Thursday, October 23, 2003

Ugh. I feel nauseous. Welcome to Clomid, I guess. It's my fourth day on the stuff. Side effects: headaches, dizziness, moodiness, no appetite and nausea.

Here are some of my musings from my moody state:

My mom is around until Sunday. Not staying with me, but around the general area, selling my grandparent's old house. Jason gets flabergasted sometimes by the way that my family relates to each other. Sometimes I feel flabergasted, too, but I don't know how to change it. I feel like I've been trying to change it for ten years, but it's just not working, nor do I know if it ever will. I mean, I talked about all this stuff for a year or two in therapy, so I have all the head knowledge about why we work/worked the way we do, know, whatever. Therapy only goes so far. Then you live your life. Change or no change.

My family is distant. I think that's the word that I've decided to call it. We're not "estranged" or anything. Anyone looking at my family would probably think we were the classic, cute American family. My dad is now a minister, my mom's a teacher, one sister is a freshman in college and the other is a counselor. There's nothing really wrong that I can put my finger exactly on, maybe because I am too close to it. I thought for a long time that I was crazy--I was just a perfectionist looking for problems with a normal family. Or that I was just a very independent person. But since high school, I've just had this uneasy feeling that we weren't the close family that everyone thought we were.

It all probably stems from the fact that both of my parents had alcoholic fathers. My mother's father went to AA and stayed there for 30 years, but never lost his controlling, overly-paternal nature. My father's controlling father just drank until his emphyzema got him at age 60. Nobody thought "alcoholic" until 30 years later when my dad suddenly thought, "Hmmmmmmm." But again, I don't really know how this relates to the rest of us, only that I've seen other adult children and grandchildren of alcoholics and have identified with the distantness in their lives.

Maybe you learn from an early age, "Don't get too involved." That's kind of how I've felt my parents have regarded me for about ten years now. They are afraid of me. Afraid of getting too involved in my life. My mother sent me four letters in college. They rarely call. I think that my youngest sister has taken to hypochondria to get attention. Sometimes I want to scream, "Get involved! Love me!" Sometimes, though, I fear I am becoming the same way. Do I call them? No. I don't even think about it. Even when big things happen in my life. I just forget. Then when we do talk, I have to force myself to stay on the phone, and not come up with a fake reason to get off. And why? I have no idea. Usually the conversation is pleasant, albeit filled with my mom's constant nagging. Sometimes they will call and talk to Jason for awhile, then say they don't really need to talk to me. Which Jason can't believe, but then looks over and sees the look of relief on my face.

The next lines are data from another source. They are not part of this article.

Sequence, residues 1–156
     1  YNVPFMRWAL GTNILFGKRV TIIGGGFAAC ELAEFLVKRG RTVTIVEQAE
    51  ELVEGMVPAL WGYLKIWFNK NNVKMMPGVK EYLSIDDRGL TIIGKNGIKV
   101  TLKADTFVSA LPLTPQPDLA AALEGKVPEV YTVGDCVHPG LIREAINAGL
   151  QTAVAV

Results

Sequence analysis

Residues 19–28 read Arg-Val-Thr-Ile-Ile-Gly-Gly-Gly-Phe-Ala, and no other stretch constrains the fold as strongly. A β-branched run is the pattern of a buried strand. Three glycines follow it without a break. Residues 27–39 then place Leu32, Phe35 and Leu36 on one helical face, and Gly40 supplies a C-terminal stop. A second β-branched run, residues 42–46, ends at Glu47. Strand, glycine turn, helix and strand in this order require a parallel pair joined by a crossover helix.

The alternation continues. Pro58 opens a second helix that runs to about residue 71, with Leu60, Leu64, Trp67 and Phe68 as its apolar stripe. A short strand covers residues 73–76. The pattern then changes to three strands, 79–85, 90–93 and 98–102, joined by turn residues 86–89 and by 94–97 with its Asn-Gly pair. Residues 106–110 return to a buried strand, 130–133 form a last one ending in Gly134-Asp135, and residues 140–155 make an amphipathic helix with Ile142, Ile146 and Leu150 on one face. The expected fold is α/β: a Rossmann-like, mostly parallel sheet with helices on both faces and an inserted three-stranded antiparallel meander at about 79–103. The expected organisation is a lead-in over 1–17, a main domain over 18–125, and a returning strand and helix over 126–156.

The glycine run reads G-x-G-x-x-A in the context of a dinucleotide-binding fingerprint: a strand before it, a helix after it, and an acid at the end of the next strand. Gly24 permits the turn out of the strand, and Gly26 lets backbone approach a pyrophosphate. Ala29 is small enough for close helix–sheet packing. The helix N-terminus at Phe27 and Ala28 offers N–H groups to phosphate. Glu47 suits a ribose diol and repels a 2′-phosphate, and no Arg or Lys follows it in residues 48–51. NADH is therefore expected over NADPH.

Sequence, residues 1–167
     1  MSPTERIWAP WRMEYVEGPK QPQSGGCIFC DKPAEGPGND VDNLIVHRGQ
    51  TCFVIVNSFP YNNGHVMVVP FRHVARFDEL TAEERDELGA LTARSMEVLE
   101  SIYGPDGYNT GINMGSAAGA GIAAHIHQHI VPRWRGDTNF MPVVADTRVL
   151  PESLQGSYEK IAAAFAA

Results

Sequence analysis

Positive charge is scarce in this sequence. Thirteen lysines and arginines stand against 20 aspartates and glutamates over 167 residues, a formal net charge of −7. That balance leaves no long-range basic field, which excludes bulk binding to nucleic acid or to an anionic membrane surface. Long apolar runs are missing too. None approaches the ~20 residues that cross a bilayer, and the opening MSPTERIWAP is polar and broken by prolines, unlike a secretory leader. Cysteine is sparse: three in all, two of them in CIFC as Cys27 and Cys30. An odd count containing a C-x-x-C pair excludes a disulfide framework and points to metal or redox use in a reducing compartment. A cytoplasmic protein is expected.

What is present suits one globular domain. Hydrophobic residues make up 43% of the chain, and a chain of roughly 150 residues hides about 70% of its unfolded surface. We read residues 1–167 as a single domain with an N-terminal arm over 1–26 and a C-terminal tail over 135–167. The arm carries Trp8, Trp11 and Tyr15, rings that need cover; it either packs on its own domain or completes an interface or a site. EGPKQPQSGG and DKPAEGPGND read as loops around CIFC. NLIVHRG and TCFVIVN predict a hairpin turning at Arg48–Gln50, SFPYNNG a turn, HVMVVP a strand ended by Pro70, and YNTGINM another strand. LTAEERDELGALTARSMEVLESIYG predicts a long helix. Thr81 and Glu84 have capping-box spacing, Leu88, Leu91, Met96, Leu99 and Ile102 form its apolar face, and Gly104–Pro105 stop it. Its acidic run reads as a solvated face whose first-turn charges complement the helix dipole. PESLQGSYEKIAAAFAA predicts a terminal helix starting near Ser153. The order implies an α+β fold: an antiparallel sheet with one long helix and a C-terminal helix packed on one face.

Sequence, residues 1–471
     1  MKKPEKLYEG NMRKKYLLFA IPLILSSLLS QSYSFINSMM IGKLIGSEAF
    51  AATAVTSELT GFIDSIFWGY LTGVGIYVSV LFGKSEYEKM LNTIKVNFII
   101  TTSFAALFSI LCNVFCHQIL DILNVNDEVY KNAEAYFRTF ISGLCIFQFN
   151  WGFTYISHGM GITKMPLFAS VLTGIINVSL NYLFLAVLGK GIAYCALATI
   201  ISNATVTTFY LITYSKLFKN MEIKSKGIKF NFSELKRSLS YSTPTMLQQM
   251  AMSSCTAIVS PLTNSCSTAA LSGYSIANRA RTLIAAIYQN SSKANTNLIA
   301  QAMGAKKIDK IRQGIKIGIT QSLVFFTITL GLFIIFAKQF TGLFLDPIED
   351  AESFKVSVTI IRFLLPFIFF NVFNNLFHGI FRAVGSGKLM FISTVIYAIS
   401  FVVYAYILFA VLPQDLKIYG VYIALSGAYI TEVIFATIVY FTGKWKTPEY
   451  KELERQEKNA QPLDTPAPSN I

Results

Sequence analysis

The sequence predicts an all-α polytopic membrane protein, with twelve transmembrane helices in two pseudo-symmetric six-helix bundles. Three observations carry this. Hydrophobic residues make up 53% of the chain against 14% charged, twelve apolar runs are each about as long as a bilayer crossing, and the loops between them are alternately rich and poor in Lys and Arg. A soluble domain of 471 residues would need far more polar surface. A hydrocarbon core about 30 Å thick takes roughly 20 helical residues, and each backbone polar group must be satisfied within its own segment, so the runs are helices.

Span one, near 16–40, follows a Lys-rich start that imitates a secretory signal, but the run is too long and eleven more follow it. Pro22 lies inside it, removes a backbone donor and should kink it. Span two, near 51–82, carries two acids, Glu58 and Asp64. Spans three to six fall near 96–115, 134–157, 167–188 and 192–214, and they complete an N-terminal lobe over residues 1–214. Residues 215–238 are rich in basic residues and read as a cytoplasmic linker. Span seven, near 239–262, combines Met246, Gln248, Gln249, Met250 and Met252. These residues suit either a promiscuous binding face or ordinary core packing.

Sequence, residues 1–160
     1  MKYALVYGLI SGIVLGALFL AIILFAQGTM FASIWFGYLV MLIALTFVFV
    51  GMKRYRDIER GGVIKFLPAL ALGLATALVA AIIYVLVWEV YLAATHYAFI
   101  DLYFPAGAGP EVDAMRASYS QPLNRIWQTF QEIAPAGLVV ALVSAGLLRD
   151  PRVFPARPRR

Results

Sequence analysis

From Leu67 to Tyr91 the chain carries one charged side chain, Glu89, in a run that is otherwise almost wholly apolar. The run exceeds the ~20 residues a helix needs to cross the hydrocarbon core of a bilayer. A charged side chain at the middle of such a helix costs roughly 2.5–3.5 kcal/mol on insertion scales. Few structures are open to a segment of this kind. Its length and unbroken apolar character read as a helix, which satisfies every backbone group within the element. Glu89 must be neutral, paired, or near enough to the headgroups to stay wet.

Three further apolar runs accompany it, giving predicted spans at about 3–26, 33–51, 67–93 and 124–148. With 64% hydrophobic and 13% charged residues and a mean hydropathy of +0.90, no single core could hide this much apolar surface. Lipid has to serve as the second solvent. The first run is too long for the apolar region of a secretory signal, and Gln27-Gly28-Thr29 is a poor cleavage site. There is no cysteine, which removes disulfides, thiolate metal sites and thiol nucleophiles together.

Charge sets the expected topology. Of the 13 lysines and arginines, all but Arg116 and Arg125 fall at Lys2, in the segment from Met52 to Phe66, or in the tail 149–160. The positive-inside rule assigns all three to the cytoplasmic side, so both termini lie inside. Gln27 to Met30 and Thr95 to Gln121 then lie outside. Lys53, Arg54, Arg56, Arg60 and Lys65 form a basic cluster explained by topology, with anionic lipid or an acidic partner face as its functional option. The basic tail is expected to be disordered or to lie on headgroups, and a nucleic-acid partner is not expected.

Jason shakes his head at me. "Why don't you call your parents more? Why don't you go visit your sister at college? If my family was this close, I would hang out with them all the time!" And he would. But it's just different with his family. I feel different with them. They feel like a normal family to me. They argue. They fight. They play. They shop. They kayak. Heck, I would like his family to be closer.

I love my family, and I feel overwhelming guilt for feeling all this stuff. Constantly feeling like I am letting them down- not being a good daughter. Not that they've ever said anything like that, mind you! But it's this big bug in my head. And I fear that I am this distant with everyone in my life. And I don't want to be this way with my own children someday. It would be awful to have my own daughter breathe a sigh of relief after she gets off the phone with me.

Maybe this is all normal for someone my age, but I just don't feel like it is.


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